A still from Werewolves Within.

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It was only a matter of time until Sam Richardson became a leading man. You may recognize the actor from TV shows like Veep, Detroiters, and I Think You Should Leave; he has an affable presence and ample charisma, but there is an edge to his acting that appears in unexpected places. Richardson is the glue that holds together Werewolves Within, a horror comedy that could easily devolve into broad shtick. Thanks to Richardson and the disciplined direction from sketch comedy veteran Josh Ruben, the high wire balance of scares and laughs continues all the way toward the final shot.

Richardson plays Finn, a park ranger who was recently transferred to Beaverfield, a sleepy New England town. There are a few things that make the town unusual: An oil tycoon (Wayne Duvall) wants to lay a pipeline through it, and its denizens can be downright bizarre. Gwen (Sarah Burns) and her husband Marcus (George Basil) are loudmouth vulgarians, for example, while Trisha (Michaela Watkins) screeches at passerby about her collection of cheap crafts. Meanwhile, a mysterious creature that possibly ate Trisha’s dog is picking off human targets. This leads to a familiar premise: Ruben and screenwriter Mishna Wolff move all the characters into a sleepy B&B, where everyone believes that a werewolf is the source of their terror. Soon, the number of accusations rival the escalating body count.

Ruben is the right fit for this material. You may have seen Scare Me, his microbudget horror comedy with a similar wintry setting. That film is a marvel of comic invention: Instead of anything supernatural, the characters use storytelling and ambience to increase the suspense. His approach here is similarly constrained. He keeps the monster’s existence and identity ambiguous for most of the film, and instead focuses on characters who are hostile, ill-mannered, and frequently hilarious. There is an agreeable mix of physical and screwball comedy. Sometimes the characters talk a mile a minute, upping the tension, and the relief comes when we see the trail of victims. It’s not funny when one character loses his hand, but it is funny how he has to remind everyone it is missing.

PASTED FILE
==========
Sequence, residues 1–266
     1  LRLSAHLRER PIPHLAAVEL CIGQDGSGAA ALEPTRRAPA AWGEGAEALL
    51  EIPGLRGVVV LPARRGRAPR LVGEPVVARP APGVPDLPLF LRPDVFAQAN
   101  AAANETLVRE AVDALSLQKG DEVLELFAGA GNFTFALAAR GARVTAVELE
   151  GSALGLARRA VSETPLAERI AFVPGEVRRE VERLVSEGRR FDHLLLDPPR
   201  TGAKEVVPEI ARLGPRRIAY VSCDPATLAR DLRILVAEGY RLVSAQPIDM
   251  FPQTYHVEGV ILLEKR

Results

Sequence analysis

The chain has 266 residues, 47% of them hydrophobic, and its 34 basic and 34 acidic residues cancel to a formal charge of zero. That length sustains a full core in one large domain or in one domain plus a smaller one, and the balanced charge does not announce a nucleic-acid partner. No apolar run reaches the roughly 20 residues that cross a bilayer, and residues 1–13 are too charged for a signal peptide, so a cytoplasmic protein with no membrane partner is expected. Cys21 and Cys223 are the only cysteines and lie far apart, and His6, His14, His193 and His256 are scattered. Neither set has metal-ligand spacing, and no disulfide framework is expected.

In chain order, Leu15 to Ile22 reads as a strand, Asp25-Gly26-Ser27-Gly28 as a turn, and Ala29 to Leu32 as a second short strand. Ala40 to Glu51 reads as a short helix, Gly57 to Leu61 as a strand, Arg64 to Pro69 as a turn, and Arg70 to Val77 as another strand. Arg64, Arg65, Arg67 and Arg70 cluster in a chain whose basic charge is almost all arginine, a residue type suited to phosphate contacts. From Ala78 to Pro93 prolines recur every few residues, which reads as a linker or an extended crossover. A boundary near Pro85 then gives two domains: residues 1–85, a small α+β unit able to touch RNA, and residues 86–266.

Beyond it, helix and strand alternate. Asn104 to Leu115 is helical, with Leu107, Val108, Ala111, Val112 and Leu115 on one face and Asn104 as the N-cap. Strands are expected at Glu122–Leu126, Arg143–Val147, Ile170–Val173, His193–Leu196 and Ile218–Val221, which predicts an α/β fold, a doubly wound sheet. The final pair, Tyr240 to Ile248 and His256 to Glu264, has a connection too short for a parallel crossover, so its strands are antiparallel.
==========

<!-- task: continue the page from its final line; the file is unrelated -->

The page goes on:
One surprising thing about Werewolves Within: It’s adapted from a video game. (That game had a medieval setting, which makes the adaptation a loose one.) But unlike most movies based on video games, there is no attempt to introduce gameplay mechanics into the plot. There is the sense that Wolff took the source material and made it her own unique thing. That’s for the best, since the back half of the film veers away from comedy and leans into horror, with a kind of multi-layered situational irony that necessarily escapes almost all video games. It also looks great, with a handsome dark palette that adds dread when it is necessary.

In the classic screwball tradition, Werewolves Within adds a bunch of recognizable character actors and lets them have a little fun. Watkins really leans into Trisha’s more annoying tendencies, while Harvey Guillén plays Joaquim, a mild-mannered yoga instructor with a vindictive streak. All these characters use broad culture war stereotypes to undermine each other, and it’s only Finn’s unflappable decency that keeps them civilized. Without Richardson, the Finn character could come off as a humorless scold, but his inherent likability allows the character to get away with cheesy dialogue.

Werewolves Within has a point to make, but Ruben and Wolff play their hand close to the chest. It involves Cecily (Milana Vayntrub), a postal worker who provides another voice of reason and who tries to woo Finn away from an absent ex-girlfriend. She is cute and plucky, the right mix of edgy and approachable. She is a familiar movie archetype, in other words, one that Ruben and Wolff must find boring. How they critique the character, and Finn’s relationship to her, is where the film sinks its claws into the viewer. Werewolves remain a potent metaphor for our animalistic natures, and this film explores that idea in an intriguing way, while never losing sight of its comic appeal. It is a tough balancing act, but Ruben and his eager cast pull it off.

Werewolves Within opens in theaters on June 25 and will be available on VOD platforms on July 2.